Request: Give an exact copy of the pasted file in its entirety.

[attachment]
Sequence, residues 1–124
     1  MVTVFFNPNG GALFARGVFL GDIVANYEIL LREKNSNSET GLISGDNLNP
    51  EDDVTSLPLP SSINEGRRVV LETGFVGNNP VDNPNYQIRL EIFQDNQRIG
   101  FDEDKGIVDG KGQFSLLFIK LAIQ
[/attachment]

Sequence, residues 1–124
     1  MVTVFFNPNG GALFARGVFL GDIVANYEIL LREKNSNSET GLISGDNLNP
    51  EDDVTSLPLP SSINEGRRVV LETGFVGNNP VDNPNYQIRL EIFQDNQRIG
   101  FDEDKGIVDG KGQFSLLFIK LAIQ